The global cocoa market

Driven by global demand, the increase in areas dedicated to cocoa production has been particularly sustained since the 1970s: from 4 to more than 10 million hectares. At least half of this expansion occurred at the expense of natural forests (Kroeger et al., 2017).

Crédits : ©Etty Fidele - Licence Unsplash Enlarge image la figure 117

Image representing cocoa.

Globally, cocoa production has grown from more than 4.4 million hectares in the early 1960s to more than 11.9 million hectares in 2022, producing more than 5.9 million tonnes of cocoa beans.

On average over the period 2012-2021, the top five producing countries (Côte d’Ivoire, Ghana, Indonesia, Nigeria, Cameroon) represent 79% of the world’s cocoa areas. Côte d’Ivoire accounts for 32% of cocoa, followed by Ghana and Indonesia. In volume terms, on average over the period 2012-2021, Côte d’Ivoire represents a production of 1.9 million tonnes, followed by Ghana and Indonesia.

The challenges of the coffee sector in France

In 2021, France is the sixth largest importer of cocoa beans in the world to manufacture a range of chocolate products for domestic consumption and export.

France imports an average of 439,000 tonnes of cocoa per year over the 2012-2021 period, and exports 253,000 tonnes.

Cocoa imported into France comes mainly from West Africa (Côte d’Ivoire, Ghana, Cameroon and Nigeria) but also frequently from European countries in which the products have transited or been processed: Netherlands (18%), Germany (15%), Belgium (6%). In France, cocoa is mainly imported in the form of: cocoa beans (21 %), cocoa paste (19 %), cocoa butter (15 %) and cocoa powder (9 %). The rest (36%) takes the form of chocolate food preparations (chocolate, sweet cocoa powder, etc.).

To produce chocolate, cocoa beans are ground into cocoa paste. Once this paste is obtained, the cocoa butter (the fat fraction) is separated from the cocoa powder (the dry fraction).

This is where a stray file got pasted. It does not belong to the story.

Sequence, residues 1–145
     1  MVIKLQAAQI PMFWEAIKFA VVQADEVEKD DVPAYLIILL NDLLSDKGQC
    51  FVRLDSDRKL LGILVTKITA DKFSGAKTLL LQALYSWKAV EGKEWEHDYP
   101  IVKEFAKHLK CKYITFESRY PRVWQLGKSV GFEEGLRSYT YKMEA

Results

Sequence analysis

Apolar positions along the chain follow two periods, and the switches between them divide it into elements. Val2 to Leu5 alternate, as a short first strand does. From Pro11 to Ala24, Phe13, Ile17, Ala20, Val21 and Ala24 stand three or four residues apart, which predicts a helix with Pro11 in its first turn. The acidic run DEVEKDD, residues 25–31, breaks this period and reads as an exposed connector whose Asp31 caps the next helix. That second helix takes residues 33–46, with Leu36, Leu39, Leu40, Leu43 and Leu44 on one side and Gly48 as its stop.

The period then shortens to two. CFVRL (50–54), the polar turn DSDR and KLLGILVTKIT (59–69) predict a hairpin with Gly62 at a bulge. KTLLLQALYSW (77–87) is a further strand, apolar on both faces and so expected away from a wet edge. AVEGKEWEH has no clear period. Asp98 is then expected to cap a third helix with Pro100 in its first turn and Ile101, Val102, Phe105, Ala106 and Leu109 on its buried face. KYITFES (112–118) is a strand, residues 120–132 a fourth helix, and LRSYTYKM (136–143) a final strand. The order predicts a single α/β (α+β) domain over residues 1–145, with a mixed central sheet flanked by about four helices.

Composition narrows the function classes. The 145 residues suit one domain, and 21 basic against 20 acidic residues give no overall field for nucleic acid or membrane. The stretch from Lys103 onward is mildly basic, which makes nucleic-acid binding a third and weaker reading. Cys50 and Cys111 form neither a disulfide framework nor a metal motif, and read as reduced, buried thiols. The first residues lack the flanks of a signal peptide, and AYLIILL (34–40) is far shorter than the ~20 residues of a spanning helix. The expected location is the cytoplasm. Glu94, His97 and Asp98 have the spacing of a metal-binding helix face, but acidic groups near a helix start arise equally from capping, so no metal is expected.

The industrial manufacture of chocolate and chocolate products therefore involves many steps from the harvest of the pods to the packaging of the finished products, involving various players from upstream to downstream of the sector. According to the Syndicat du chocolat, in 2021, the French chocolate sector represents 115 companies, 90% of which are small and medium-sized businesses. It employs more than 30,000 people, including 15,850 in industrial production.

The land footprint of cocoa

France’s cocoa imports mobilize an average of 1,456,000 hectares per year over the period 2012-2021, or 219 m2 per capita. This area has increased since 2012, with a value of 1,393,000 hectares in 2012 compared to 1,685,000 in 2021.

Sustainable cocoa

The French Sustainable Cocoa Initiative (IFCD)

The French Initiative for Sustainable Cocoa (IFCD) was launched on the occasion of World Cocoa Day 2021. It brings together the State, industrial companies, merchants, the Confédération des Chocolatiers & Confiseurs de France and the Club des chocolatiers engagés, retailers, civil society organizations, research working on the cocoa and chocolate sector in France.

The signatories of this French Initiative for Sustainable Cocoa, which concerns all cocoa and chocolate products (bars, confectionery, cocoa powder, etc.), are committed to working together to find sustainable solutions for cocoa farming in the producing regions.

Learn more: French Sustainable Cocoa Initiative (IFCD)


Today, the two main sustainability labels used in the cocoa sector are Rainforest Alliance (from the UTZ-Rainforest Alliance merger) and the Fairtrade label. The peculiarity of the cocoa sector is that it now has an international ISO standard for sustainable and traceable cocoa, the first of its kind for agricultural products, but which is debated in West Africa where workshops are underway for the creation of a specific sub-regional standard.

In France, other fair trade labels are present on the French market such as the Fair for Life label, the Symbole producteurs paysans (SPP) or the label of the World Fair Trade Organization WFTO.

Existing certifications, however, do not yet take into account the objective of zero deforestation (CIRAD).

To find out more (reports in French):

439 000
of cocoa imported by France each year

in the production of chocolate in France

people grow cocoa worldwide